Pulmonary atresia (uh-TREE-zhuh) is one of several heart valve defects that may be found at birth or soon after. In pulmonary atresia, the valve between the heart and lungs (pulmonary valve) is not fully developed, which prevents forward blood flow to the lungs, and your baby doesn't get needed oxygen.
Normally, some blood enters the lungs through other passages within the heart and its arteries. Before your baby is born, it receives blood through a hole between the top chambers of your baby's heart (foramen ovale), and blood is pumped out to the rest of your baby's body.
After birth, the foramen ovale usually closes, but in pulmonary atresia it may stay open. Another temporary opening (ductus arteriosus) may allow some blood flow, but your baby will need medication, procedures or surgery to correct the atresia.
In this heart defect, there is also a hole between the two pumping chambers (ventricular septal defect, or VSD) of your baby's heart.
The pulmonary artery and its branches can be very small or nonexistent. In the latter case, additional arteries arise from the aorta to provide blood flow to the lung (major aortopulmonary collateral arteries, or MAPCAs).
Doctors may use several tests to diagnose pulmonary atresia:
- Pulse oximetry. This simple test measures the amount of oxygen in your baby's blood. Your doctor will attach a small sensor to your baby's hand or foot.
- X-ray. An X-ray shows your baby's doctor the shape and size of your baby's heart and any defects.
- Echocardiogram. In an echocardiogram, sound wave movement reveals the features of your baby's heart. Your doctor might also use an echocardiogram of your abdomen before you deliver your baby (fetal echocardiogram) to diagnose pulmonary atresia.
- Electrocardiogram (ECG). In this test, sensor patches with wires attached (electrodes) measure the electrical impulses given off by your baby's heart. An ECG finds abnormal heart rhythms (arrhythmias or dysrhythmias) and may show other heart damage.
- Cardiac catheterization. In catheterization, the doctor inserts a thin, flexible tube (catheter) into a blood vessel in your baby's groin and guides it to your baby's heart. This test shows your baby's heart structure and the blood pressure and oxygen levels in your baby's heart, pulmonary artery and aorta. The doctor may inject a dye into the catheter to see your baby's arteries more easily under X-ray.
- Cardiac CT scan. This scan of your baby's heart and blood vessels is taken to help understand the anatomy and the presence of MAPCAs, which are these collateral arteries, which will be important for planning the repair.
Medication and several procedures may be needed to treat your baby's pulmonary atresia with ventricular septal defect.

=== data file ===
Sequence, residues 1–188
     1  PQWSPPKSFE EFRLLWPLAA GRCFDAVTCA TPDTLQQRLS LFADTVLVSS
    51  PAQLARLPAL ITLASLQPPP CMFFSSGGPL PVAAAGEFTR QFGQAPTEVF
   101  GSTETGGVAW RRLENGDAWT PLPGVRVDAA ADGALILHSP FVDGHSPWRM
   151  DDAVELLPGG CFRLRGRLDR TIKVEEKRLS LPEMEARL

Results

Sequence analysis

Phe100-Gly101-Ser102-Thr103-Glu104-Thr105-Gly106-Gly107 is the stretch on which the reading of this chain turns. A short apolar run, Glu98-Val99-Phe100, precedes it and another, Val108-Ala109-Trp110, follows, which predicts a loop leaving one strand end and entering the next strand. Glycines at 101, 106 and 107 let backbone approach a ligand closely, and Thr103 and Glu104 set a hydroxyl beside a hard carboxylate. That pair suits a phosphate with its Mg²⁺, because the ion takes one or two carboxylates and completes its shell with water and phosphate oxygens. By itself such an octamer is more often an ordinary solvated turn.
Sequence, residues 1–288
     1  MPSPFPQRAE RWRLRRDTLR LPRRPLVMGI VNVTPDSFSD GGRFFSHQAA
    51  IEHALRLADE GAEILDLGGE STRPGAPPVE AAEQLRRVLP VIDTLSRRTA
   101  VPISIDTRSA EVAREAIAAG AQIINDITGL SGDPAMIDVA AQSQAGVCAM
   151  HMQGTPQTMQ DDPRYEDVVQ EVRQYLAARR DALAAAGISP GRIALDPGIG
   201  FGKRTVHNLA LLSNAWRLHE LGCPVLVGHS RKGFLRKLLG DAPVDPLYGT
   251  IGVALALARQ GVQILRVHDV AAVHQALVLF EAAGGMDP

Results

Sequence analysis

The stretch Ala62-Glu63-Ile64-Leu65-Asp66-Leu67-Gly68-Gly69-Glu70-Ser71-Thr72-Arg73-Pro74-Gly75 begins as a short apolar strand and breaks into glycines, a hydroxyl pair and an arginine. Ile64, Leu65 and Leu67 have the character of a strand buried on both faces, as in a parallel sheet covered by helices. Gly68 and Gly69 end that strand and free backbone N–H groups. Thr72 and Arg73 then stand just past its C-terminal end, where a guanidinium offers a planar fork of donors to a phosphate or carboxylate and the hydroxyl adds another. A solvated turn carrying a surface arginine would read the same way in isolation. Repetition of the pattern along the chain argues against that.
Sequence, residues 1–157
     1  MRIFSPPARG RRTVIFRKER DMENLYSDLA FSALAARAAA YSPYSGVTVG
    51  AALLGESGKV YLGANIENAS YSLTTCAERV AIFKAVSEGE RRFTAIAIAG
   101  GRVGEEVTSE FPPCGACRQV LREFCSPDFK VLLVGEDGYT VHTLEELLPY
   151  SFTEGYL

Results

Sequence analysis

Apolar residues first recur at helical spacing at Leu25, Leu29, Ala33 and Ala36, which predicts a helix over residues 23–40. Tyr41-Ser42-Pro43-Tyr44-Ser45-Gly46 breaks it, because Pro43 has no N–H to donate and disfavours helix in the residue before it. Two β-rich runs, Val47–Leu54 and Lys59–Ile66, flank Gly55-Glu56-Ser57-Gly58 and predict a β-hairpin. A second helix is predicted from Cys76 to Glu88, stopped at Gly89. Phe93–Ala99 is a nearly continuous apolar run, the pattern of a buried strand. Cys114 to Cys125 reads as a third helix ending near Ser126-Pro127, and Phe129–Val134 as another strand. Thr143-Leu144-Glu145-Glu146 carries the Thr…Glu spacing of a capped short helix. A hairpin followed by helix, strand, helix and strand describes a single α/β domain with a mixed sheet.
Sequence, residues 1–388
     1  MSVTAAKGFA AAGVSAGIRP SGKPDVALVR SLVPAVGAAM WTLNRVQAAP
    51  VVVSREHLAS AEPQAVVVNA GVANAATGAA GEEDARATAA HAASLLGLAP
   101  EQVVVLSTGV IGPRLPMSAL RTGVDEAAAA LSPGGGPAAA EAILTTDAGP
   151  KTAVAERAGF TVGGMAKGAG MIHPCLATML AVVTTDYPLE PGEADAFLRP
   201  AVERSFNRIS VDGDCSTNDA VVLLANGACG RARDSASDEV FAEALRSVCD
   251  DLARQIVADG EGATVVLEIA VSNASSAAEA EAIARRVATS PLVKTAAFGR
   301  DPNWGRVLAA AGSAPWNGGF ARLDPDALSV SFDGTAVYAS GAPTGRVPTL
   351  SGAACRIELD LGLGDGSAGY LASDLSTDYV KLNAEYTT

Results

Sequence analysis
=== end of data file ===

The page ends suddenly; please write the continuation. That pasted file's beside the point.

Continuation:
Procedures. Your baby may need one or more procedures to improve heart function and blood flow. There are several treatment pathways depending on the anatomy of the pulmonary arteries and the presence or absence of the MAPCAs.
- Stent placement. Placement of a rigid tube (stent) between the aorta and pulmonary artery (ductus arteriosus) allows blood to flow to your infant's lungs.
- Systemic-to-pulmonary artery shunt. This is a surgical procedure that may be needed in the first few days of life to increase blood flow to the lungs by creation of a connection (shunt) between one of the arteries and the pulmonary artery using a small tube of synthetic material. One example of such procedure is the Blalock-Taussig shunt (BT shunt).
- Neonatal complete repair. If your baby's heart has well-developed pulmonary arteries and no MAPCAs, your baby's surgeon can perform the complete repair in one stage during the neonatal period. This will include closure of the ventricular septal defect and placement of a valve conduit (tube) between the right ventricle and the pulmonary artery.
- One-stage complete repair. In this procedure, your baby's surgeon connects all the MAPCAs together to create new pulmonary arteries and then completes the repair with closure of the VSD and placement of the conduit. This is usually performed between 4 and 6 months of age. This procedure may also be called unifocalization.
- Staged unifocalization. If the MAPCAs are small or have multiple areas of narrowing, they may be connected in stages. This allows the arteries to grow to adequate size prior to the complete repair. The source of blood flow to the lungs will be provided through a small shunt from the aorta to the newly constructed pulmonary arteries. After a few months, your baby's heart will be evaluated with a cardiac catheterization and cardiac CT scan to determine the suitability and timing of the complete repair.
- Catheter interventions for the pulmonary artery branches. This procedure is done to assess the anatomy of your baby's heart and reconstruct pulmonary artery branches and dilate or stent the areas that have narrowing in them.